Transport and communications during the Industrial Revolution
The Industrial Revolution saw a dramatic improvement in transport and communications. However, historians debate just how much of this change really took place during the Industrial Revolution. Many developments in transport had already been made beforehand.
General Wade, Jack Metcalf, Thomas Telford and John Macadam developed better roads, with firm foundations, drainage and a smooth surface.
Ever since the 17th Century, Turnpike Trusts were set up to improve main roads, for which a toll was charged. This pre-dates the standard period of the Industrial Revolution.
In the early 1800s, investment in Britain's roads was more than £3 million a year.
Between 1803 and 1821, Thomas Telford alone built 1000 miles of road, including 1000 bridges. His greatest achievement was the London‒Holyhead road (1815‒1826). However, others had already been building new roads over the past several hundred years.
Some people argue that the first modern canal was the Sankey Brook Navigation. It was used to transport coal which links directly to the Industrial Revolution. Others say it was the Bridgewater Canal built by the Duke of Bridgewater in 1761.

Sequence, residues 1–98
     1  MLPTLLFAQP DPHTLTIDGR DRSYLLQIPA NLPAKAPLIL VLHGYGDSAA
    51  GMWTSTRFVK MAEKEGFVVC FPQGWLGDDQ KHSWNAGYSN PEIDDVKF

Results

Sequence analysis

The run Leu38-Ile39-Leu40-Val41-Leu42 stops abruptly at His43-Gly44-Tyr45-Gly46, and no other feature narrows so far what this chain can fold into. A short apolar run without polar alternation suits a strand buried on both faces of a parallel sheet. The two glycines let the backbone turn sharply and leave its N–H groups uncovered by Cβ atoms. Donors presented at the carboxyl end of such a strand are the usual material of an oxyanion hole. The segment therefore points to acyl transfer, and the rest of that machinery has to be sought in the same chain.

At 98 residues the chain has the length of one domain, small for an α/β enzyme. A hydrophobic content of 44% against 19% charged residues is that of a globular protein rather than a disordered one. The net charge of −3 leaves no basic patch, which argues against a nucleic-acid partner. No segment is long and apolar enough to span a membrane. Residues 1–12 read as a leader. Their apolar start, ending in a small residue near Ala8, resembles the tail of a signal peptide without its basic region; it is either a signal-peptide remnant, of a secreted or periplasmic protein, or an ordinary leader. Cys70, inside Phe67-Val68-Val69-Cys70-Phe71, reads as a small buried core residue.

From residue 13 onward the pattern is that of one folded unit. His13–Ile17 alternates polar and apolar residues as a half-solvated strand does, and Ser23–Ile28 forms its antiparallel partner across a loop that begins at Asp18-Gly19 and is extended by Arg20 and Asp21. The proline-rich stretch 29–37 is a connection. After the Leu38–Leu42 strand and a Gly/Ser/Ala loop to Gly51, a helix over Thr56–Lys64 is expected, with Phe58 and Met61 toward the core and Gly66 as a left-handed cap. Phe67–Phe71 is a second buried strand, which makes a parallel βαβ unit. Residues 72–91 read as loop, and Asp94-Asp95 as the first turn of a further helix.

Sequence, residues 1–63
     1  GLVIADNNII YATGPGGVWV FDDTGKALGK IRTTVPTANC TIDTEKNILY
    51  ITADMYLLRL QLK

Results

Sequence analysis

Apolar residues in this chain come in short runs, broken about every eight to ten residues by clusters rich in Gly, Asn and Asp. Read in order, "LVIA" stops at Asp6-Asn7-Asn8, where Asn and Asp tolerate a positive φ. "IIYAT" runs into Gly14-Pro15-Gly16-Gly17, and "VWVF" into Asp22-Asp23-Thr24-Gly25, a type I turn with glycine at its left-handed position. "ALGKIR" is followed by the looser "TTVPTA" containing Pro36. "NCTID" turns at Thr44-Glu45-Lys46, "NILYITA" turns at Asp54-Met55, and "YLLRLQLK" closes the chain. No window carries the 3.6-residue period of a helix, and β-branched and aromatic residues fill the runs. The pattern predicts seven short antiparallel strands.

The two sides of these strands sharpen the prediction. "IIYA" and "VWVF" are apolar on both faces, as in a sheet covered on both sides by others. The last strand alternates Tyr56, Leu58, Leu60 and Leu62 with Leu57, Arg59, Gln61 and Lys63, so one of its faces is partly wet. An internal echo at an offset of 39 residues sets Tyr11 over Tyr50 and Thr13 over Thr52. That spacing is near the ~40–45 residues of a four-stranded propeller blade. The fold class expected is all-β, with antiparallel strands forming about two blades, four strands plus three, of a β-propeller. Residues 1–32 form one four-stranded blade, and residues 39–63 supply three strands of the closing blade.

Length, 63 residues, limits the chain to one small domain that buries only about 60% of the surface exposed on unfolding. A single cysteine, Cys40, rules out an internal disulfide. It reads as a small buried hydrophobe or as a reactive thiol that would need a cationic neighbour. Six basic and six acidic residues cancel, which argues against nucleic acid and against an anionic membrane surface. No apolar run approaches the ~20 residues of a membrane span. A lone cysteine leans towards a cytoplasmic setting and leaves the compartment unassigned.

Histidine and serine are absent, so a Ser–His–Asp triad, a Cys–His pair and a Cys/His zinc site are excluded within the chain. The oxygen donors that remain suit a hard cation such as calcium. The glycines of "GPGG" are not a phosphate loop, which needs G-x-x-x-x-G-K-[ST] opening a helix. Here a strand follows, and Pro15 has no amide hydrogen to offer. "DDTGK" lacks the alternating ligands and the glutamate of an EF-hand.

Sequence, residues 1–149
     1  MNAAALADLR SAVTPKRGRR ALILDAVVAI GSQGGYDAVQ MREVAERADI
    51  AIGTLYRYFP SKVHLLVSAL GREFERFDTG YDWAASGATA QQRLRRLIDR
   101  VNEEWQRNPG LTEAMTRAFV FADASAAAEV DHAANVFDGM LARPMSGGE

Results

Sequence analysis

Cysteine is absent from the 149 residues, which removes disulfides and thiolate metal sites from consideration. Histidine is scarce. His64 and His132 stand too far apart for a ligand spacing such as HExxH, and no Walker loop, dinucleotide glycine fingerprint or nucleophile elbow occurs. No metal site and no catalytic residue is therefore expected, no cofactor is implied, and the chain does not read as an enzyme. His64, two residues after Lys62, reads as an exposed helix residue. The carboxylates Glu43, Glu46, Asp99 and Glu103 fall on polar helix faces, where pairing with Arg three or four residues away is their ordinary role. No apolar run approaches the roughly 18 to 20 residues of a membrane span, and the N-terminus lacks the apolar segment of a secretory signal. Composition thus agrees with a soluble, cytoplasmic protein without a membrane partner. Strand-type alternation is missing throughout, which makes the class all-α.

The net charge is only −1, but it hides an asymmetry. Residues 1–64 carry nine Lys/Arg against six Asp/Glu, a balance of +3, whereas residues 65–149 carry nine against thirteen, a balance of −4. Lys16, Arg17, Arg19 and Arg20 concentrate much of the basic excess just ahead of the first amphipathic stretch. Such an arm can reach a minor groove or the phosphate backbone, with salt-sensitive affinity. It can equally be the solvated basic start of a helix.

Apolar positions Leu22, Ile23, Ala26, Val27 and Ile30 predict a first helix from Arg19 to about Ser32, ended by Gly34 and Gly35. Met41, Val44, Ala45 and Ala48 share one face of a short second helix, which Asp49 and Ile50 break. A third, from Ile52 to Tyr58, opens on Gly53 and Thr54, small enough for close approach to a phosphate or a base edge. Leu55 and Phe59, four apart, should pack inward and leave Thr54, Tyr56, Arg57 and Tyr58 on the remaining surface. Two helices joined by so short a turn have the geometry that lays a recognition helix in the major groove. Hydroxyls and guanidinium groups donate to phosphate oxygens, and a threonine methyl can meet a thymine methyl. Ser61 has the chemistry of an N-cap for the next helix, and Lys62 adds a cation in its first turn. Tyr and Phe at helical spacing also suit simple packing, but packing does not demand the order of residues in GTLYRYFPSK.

About £20 million was invested in canal-building between 1755 and 1835. There was 'Canal Mania' in the 1790s and famous canal-builders include James Brindley and Thomas Telford.
The fact that more money was now spent on canals could be seen as a natural development as the country gets richer and trade is more necessary.
By 1850, the canal network covered 4,000 miles.
However, canals had existed long before this period. The Exeter Canal had been built way back in 1566. It is the viewpoint of some that the developments made during the Industrial Revolution were no different to those made beforehand.
The first railway was the Stockton and Darlington Railway (1825). George Stephenson built the Rocket (1829). Significant engineering achievements included the London Underground (1863) and the Forth Bridge (1890).
There was a 'Railway Mania' in the 1840s. £3 billion was spent building the railways between 1845 and 1900.
In 1870, 423 million passengers travelled on 16,000 miles of line.
George Stephenson's Rocket
Other developments in transport and communications
Timeline of transport and communication:
1837 - Samuel Morse invented the telegraph.
1837 - Rowland Hill invented the postage stamp.
1839 - Kirkpatrick Macmillan invented the bicycle.
1843 - Isambard Kingdom Brunel built the Great Britain steamship (using screw propellers).
1876 - Alexander Graham Bell patented the telephone.